Quarles v. SutherlandAnnotate this Case
389 S.W.2d 249 (1965)
Ella QUARLES, Plaintiff in Error, v. Arthur SUTHERLAND, Jr., M.D., Defendant in Error.
Supreme Court of Tennessee.
April 7, 1965.
*250 Stanley H. Sidicane, Nashville, for plaintiff in error.
Dan E. McGugin, Watkins, McGugin & Stewart, Nashville, for defendant in error.
This action was brought in Circuit Court against a practicing physician, defendant in error, for the alleged wrongful disclosing of professional secrets or information to an attorney representing a store in which the plaintiff suffered an accident. A demurrer to the declaration was filed. It was sustained by the trial judge, and the plaintiff in error has perfected her appeal to this Court.
The plaintiff's declaration averred, in substance, that on October 14, 1963, she sustained an injury by reason of an accident at the Top Value Stamp Store in Nashville. She was taken to the defendant's office where she was treated for such injuries. She alleges that it was unknown to her that the doctor was the regular physician of the Top Value Stamp Store, although she had been sent to the doctor by the store.
On November 6, 1963, the plaintiff's attorney advised the defendant that she was represented by counsel and requested that no medical reports be given to anyone without first notifying his office. Thereupon, the defendant wrote a letter to him, dated November 8, 1963, advising said attorney of his medical findings and forwarded a copy of the letter to the attorney for the Top Value Stamp Store.
The plaintiff alleged that the defendant violated the ethics of the medical profession in disclosing information and by doing so greatly prejudiced her case against the Top Value Stamp Store. She charged that the defendant had a duty to keep private and privileged all information he obtained by virtue of the contract of employment, and that the defendant doctor breached his duty by forwarding a copy of the report as alleged.
Further, the plaintiff alleged that under T.C.A. § 63-318 and § 63-319, a doctor's license may be revoked when the licensee has been guilty of unprofessional conduct, and such conduct is defined as "the willful betraying of a professional secret." It is claimed that this licensing statute imposes a positive duty upon the physician to keep secret his findings.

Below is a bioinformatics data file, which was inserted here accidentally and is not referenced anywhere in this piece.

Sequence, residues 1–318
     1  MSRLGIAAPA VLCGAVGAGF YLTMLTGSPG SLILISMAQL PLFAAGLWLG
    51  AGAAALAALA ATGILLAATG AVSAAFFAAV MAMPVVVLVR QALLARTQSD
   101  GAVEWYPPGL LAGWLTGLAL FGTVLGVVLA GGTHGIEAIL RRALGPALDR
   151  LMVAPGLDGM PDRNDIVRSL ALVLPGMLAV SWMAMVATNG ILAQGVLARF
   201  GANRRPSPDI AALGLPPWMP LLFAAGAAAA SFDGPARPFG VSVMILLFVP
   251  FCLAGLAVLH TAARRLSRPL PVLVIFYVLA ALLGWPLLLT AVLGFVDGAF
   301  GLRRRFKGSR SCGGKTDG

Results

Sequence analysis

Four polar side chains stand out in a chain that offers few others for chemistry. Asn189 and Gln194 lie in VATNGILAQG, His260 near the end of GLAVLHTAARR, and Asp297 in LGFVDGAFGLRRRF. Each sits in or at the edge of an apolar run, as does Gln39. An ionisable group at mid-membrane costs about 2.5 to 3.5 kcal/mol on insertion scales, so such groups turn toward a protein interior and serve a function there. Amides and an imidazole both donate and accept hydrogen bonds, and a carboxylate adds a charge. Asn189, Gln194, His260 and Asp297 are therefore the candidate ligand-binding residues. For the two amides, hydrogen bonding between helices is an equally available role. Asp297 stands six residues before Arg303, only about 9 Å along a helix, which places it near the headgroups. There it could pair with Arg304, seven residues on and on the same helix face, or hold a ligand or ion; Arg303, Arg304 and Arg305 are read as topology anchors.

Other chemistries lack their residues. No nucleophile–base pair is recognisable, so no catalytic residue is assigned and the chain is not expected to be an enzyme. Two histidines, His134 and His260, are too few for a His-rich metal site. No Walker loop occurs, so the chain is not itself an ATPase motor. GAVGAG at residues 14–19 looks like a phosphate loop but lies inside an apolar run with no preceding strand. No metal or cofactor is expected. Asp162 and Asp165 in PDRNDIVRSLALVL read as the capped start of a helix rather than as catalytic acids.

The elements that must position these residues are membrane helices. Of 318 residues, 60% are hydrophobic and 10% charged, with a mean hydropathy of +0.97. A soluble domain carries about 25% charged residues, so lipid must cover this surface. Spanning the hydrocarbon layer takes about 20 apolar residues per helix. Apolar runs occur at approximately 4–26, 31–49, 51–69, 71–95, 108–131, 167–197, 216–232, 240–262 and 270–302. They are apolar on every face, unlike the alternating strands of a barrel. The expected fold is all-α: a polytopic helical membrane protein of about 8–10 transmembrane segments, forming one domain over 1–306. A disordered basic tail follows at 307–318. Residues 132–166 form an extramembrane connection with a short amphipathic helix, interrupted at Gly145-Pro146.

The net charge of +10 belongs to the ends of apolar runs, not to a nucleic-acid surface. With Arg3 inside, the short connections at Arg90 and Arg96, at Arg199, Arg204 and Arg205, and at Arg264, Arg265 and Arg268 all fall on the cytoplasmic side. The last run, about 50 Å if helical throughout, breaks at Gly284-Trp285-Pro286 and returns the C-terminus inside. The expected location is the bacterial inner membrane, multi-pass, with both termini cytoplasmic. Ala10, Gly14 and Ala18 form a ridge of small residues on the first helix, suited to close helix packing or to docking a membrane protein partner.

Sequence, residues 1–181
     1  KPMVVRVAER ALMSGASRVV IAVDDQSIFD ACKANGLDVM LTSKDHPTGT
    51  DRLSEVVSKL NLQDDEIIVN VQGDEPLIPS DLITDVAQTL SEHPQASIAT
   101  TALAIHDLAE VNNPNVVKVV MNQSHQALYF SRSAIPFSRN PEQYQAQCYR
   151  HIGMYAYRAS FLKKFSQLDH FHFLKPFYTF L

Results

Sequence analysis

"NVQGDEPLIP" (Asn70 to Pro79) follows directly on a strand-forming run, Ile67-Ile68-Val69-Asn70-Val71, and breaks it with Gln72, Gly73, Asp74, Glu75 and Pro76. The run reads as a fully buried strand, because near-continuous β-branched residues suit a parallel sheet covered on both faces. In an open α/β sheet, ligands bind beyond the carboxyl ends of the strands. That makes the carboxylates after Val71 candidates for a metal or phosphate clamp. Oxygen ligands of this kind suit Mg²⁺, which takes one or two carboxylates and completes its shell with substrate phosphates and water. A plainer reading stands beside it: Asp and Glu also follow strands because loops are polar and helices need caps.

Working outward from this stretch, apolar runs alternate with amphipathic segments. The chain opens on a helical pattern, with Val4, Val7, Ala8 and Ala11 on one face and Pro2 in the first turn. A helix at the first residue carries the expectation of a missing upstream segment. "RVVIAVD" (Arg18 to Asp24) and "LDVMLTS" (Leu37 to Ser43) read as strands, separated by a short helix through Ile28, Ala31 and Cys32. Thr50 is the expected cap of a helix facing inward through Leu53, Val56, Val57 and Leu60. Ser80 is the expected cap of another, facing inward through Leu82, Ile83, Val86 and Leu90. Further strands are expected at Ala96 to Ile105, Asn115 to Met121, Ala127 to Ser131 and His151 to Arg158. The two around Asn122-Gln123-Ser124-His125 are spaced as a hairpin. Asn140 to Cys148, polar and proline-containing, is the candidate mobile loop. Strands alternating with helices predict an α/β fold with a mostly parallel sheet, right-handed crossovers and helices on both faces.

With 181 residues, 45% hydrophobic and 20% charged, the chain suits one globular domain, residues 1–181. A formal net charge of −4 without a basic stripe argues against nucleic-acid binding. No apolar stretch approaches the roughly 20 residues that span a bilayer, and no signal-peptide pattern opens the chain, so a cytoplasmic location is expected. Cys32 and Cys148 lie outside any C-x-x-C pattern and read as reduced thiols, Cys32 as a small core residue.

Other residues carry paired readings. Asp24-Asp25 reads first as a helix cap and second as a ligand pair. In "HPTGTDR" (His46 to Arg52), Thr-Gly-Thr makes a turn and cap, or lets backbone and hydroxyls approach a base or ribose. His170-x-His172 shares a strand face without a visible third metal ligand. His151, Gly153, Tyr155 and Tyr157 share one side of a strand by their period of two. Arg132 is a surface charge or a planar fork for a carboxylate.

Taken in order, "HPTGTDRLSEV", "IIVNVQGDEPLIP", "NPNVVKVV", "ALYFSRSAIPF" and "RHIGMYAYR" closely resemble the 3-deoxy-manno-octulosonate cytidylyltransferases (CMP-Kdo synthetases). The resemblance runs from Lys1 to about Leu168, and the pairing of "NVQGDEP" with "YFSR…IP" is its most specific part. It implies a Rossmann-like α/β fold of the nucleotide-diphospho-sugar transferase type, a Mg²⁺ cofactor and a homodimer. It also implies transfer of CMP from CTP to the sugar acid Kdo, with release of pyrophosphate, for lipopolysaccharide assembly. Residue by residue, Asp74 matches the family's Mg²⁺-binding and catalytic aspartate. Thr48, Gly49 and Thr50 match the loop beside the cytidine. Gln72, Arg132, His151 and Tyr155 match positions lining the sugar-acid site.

The basic issue which we must decide in this case is whether communications between physician and patient are by law privileged communications, and whether a disclosure of such information to a third party gives rise to a cause of action under the law.
Of significance in a discussion of this issue is that the common law of England, as it stood at and before the separation of the colonies has been adopted by the State of Tennessee, being derived from North Carolina, out of which state the State of Tennessee was carved. The Acts of North Carolina, 1715, c. 31, and Acts of North Carolina, 1778, c. 5, preserved the common law, while Session Act 1789, c. 3, provided for its continuance in the State of Tennessee. Polk v. Faris, 17 Tenn. 209, 30 Am.Dec. 400 (1836); McCorry v. King's Heirs, 22 Tenn. 267, 39 Am.Dec. 165 (1842); Smith v. State, 214 Tenn. ___, 385 S.W.2d 748 (1965).
*251 It is axiomatic that at common law neither the patient nor the physician had a privilege to refuse to disclose in court a communication of one to the other, nor does either have a privilege that the communication not be disclosed to a third person. 1 Morgan, Basic Problems of Evidence, ch. 5 (1954); 8 Wigmore, Evidence § 2380 (3rd ed.1961).
This rule was set forth in the English case of Duchess of Kingston's Trial, 20 How.St.Tr. 355, 573 (1776), reprinted in Notable British Trials Series (Melville ed. 1927), as follows:"Mr. Hawkins, a physician, who had attended the accused and her alleged husband, when asked whether he knew from the parties of any marriage between them, answered, `I do not know how far anything that has come before me in a confidential trust in my profession should be disclosed, consistent with my professional honor." "If all your lordships will acquiesce, Mr. Hawkins will understand that it is your judgment and opinion that a surgeon has no privilege, where it is a material question in a civil or criminal cause to know whether parties were married or whether a child was born, to say that this introduction to the parties was in the course of his profession and in that way he came to the knowledge of it. * * * If a surgeon was voluntarily to reveal these secrets, to be sure, he would be guilty of a breach of honor and of great indiscretion; but to give that information in a court of justice, which by the law of the land he is bound to do, will never be imputed to him as any indiscretion whatever."